The Lucky Ones

In 1939, before crossing the ocean to his new home in the Pacific, my grandpa spent a month in Paris with his two young cousins, Ernest and Frank Wohl, who were like brothers to him. After the war, my grandpa spent years trying to track down the Wohl brothers, only to finally, in the 1980s, find their names listed on transports to Auschwitz. His older cousin, along with his aunt and uncle were taken in cattle cars two whole weeks before his younger cousin. My 5-year-old requires my presence to fall asleep at night. Sometimes as I lie with him, wishing I could extricate myself from underneath his small, warm body, I think about little Ernest, all alone, riding to his death, and I give my baby an extra squeeze…

In 2008, my brother and I accompanied my grandparents to Auschwitz where we spent time in an exhibit on Parisian Jews. Covering the walls were pictures of those who perished in the camp. When my grandfather spotted his cousins he quietly, with hand on chin, exclaimed “by golly,” before sinking to the floor where he spent the next several minutes staring up at the cousins he hadn’t seen for 70 years…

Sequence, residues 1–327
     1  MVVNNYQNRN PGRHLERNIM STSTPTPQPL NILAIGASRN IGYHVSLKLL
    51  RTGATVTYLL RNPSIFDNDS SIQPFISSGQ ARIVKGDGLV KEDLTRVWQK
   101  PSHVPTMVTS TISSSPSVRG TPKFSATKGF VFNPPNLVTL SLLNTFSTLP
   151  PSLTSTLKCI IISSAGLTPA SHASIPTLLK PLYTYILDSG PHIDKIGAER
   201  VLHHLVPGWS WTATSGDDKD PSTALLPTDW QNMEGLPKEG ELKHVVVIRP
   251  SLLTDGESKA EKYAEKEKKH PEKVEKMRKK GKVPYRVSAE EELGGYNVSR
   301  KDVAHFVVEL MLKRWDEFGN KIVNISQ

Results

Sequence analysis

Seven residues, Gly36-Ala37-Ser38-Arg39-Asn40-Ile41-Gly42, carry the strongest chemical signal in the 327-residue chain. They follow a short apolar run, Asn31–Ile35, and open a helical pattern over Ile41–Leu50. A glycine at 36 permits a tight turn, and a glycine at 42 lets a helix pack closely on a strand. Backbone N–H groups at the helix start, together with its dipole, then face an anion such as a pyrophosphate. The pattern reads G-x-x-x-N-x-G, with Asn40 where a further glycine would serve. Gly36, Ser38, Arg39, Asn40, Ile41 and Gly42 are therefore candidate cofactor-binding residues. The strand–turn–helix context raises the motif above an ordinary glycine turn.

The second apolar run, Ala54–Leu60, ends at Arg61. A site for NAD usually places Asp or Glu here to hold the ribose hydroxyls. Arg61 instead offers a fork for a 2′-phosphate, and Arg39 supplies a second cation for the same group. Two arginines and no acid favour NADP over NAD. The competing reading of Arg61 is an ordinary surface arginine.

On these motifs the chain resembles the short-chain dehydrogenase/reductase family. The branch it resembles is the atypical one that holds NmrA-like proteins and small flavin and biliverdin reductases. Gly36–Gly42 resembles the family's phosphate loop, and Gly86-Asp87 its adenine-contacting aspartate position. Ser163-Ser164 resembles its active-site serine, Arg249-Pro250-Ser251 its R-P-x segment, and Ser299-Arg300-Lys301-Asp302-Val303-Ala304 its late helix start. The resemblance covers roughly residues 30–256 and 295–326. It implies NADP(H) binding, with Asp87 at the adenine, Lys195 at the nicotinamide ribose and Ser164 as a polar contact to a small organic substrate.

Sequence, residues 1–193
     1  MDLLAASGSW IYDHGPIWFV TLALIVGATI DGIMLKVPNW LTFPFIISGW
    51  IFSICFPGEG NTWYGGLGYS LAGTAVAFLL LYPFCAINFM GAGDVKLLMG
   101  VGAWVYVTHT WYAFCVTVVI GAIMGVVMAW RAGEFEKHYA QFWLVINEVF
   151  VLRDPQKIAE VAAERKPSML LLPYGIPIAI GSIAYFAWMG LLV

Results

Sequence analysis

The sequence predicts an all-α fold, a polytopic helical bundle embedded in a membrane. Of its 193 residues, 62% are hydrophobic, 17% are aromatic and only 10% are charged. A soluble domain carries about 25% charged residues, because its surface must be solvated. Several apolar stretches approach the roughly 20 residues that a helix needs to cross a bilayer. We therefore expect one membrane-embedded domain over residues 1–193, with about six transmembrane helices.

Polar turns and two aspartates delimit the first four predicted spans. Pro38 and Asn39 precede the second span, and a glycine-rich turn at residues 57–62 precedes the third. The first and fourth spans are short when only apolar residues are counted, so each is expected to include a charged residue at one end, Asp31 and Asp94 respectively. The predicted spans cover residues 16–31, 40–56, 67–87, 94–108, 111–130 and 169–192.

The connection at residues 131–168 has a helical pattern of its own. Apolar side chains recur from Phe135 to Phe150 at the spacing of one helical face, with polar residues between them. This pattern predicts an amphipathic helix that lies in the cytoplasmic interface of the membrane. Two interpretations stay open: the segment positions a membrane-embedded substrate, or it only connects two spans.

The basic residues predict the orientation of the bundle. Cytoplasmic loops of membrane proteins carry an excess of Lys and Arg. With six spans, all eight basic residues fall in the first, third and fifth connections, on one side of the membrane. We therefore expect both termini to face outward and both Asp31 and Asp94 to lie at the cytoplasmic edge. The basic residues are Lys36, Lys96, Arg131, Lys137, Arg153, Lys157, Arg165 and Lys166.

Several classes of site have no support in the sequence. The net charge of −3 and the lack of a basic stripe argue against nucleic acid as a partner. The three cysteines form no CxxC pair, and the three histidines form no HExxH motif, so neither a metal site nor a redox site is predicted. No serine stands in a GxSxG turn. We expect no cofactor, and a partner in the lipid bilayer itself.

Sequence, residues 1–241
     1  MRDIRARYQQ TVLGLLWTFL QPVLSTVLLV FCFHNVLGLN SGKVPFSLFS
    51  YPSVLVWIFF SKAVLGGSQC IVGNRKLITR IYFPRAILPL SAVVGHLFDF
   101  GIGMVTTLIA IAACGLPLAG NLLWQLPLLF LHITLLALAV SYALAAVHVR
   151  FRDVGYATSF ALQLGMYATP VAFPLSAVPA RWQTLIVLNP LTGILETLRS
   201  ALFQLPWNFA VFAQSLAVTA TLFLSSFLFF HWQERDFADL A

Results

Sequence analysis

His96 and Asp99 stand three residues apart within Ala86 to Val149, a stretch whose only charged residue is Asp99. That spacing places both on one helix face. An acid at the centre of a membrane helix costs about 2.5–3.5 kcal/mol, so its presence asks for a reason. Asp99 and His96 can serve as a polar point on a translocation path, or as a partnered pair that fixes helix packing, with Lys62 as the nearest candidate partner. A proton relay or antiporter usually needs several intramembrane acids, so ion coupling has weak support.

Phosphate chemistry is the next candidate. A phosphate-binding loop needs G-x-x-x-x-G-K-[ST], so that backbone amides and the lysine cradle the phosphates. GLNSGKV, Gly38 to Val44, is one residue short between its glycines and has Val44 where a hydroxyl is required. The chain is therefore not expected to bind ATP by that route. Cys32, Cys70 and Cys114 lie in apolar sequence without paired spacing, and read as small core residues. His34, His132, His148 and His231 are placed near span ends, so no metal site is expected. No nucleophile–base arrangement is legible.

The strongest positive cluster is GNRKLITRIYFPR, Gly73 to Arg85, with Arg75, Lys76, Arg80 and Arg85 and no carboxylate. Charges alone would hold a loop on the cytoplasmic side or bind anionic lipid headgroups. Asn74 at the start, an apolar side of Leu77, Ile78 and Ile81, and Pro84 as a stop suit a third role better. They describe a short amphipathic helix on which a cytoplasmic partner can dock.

My grandmother, who is the smartest woman I know, and who was valedictorian of her class, almost didn’t graduate from college on account – as family lore would have it – of an unjust and arcane graduation requirement to swim the length of a pool. Though her mind was sharp, physical prowess had never been her thing, and it took three tries and the support and cheer of all her friends to overcome this hurdle. She prevailed, much like the resilient German immigrant who escapes the Nazis and crossed two seas to find his way to her…

And this is why, in my family, complaining only gets you so far. Because, how can you compete?!

Published by imworriedmytherapisthatesme

I'm a history-PhD-turned-stay-at-home-mom of three. When I'm not microwaving Trader Joe's meals for my kids, breaking up fights and wiping butts, I like to paint and write. To cope with the endless hours I'm spending with my son doing virtual school, I've abandoned my gouache paints for the more portable, less messy tried but true, paper and ink. While he learns to read to 20 floating heads on his screen, I sit on a tiny chair, at a tiny table pretending to be a productive adult.

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